Report Lays Out Array of Options to Ensure Disabled Veterans Can Vote
WASHINGTON - Better use of technology and support services could make voting more accessible for the more than 49,000 Americans injured in the wars in Iraq and Afghanistan, according to a report released today by the Information Technology and Innovation Foundation.
Many of these individuals are in recovery and rehabilitative centers away from their homes and face barriers that prevent them from voting privately and independently, according to the report Making Voting More Accessible for Veterans with Disabilities. In addition, many are still learning to use assistive technology and adapt to their changed circumstances. The report details the specific barriers they face to participating in elections and explores the opportunities for federal, state and local government efforts for improving access to voting for veterans with disabilities.
"We have an obligation to make sure that every American has an opportunity to exercise their right to vote privately and independently," said ITIF Senior Analyst Daniel Castro who led the research project. "This report provides a comprehensive summary of what governments are doing - and can do better - to honor that obligation."
Among the injuries troops returning from Iraq and Afghanistan are struggling with is traumatic brain injury (TBI), which can affect cognitive functioning and independence, polytrauma-traumatic injury to multiple parts of the body which often results in mobility impairments or amputation of limbs as well as visual and hearing impairments, including sensitivity to light, tinnitus and hearing loss, especially as a result of explosions.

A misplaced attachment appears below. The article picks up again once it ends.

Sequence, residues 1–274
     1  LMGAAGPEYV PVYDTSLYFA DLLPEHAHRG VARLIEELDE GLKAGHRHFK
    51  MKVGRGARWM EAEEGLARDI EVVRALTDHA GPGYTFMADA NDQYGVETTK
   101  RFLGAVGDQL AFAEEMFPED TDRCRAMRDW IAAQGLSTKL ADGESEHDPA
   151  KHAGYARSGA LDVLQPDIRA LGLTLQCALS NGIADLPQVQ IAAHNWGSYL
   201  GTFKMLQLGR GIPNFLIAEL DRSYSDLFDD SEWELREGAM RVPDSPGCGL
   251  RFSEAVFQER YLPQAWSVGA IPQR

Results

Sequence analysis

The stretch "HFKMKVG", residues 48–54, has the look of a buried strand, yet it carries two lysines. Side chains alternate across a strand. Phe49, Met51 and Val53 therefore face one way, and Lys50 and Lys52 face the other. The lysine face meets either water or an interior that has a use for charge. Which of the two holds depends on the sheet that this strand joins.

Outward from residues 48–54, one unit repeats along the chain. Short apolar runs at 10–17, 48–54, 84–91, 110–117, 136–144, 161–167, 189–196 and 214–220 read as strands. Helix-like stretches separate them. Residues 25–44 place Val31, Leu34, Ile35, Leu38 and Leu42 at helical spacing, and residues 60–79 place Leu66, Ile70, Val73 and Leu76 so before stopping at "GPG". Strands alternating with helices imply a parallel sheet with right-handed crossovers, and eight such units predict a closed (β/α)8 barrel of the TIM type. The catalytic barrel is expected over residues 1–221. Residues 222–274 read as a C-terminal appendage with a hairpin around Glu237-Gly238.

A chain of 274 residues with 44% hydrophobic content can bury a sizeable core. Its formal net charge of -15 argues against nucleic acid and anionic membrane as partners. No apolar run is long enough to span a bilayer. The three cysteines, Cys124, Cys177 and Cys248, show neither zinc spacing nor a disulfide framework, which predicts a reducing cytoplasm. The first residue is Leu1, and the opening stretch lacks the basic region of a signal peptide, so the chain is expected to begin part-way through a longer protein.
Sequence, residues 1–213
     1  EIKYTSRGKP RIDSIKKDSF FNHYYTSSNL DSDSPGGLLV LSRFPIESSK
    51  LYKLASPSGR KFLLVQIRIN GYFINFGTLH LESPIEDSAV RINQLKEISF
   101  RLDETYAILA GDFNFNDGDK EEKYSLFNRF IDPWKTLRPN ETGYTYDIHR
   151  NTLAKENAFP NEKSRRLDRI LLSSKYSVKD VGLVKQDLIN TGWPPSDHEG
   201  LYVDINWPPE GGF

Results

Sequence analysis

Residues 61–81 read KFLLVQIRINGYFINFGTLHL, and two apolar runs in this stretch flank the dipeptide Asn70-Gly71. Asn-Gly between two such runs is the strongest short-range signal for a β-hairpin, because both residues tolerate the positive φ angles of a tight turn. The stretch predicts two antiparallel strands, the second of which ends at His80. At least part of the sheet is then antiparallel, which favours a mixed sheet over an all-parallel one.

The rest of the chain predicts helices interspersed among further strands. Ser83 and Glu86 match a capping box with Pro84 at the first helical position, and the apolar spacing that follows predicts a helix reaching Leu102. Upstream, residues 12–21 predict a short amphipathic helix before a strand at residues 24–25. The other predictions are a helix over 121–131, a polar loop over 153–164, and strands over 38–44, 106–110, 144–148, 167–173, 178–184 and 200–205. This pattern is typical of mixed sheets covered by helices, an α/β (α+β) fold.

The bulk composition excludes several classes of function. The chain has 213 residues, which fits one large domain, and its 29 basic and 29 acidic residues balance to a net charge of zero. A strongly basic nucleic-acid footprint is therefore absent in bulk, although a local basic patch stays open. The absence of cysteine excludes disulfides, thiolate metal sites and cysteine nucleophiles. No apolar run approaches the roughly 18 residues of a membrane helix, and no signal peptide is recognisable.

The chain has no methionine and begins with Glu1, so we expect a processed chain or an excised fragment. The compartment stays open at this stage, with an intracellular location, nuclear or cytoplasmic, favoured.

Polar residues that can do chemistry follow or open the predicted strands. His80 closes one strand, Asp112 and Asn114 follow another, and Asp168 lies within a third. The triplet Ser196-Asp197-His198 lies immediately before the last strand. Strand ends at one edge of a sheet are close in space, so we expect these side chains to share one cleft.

The report explains the many ways to build on and improve current efforts, including providing an accessible absentee voting system for use within treatment facilities, better use of technology for voter registration and requesting an absentee ballot, and better coordination with the Department of Veterans Affairs and other agencies to provide voter assistance to veterans. It also presents very specific recommendations on the design of ballots, equipment, and innovative technologies that could be used to improve access to elections by disabled veterans.
The report is the result of a partnership with ITIF, the Georgia Tech Research Institute, and the Operation BRAVO Foundation begun in 2010 with a grant received from the U.S. Election Assistance Commission (EAC). It is a part of broader government efforts to determine the voting needs of recently injured military personnel and recommend practical and efficient ways to improve voting technologies and election administration practices. ITIF's research has focused on recently disabled military personnel with civilian status (i.e., veterans with disabilities from Iraq and Afghanistan). However, many of the findings from this research will apply to injured active duty military personnel and veterans from previous conflicts.
"Our hope is that election officials will use this research to improve voting for the 3.4 million veterans with a service-connected disability," said ITIF Senior Analyst Daniel Castro.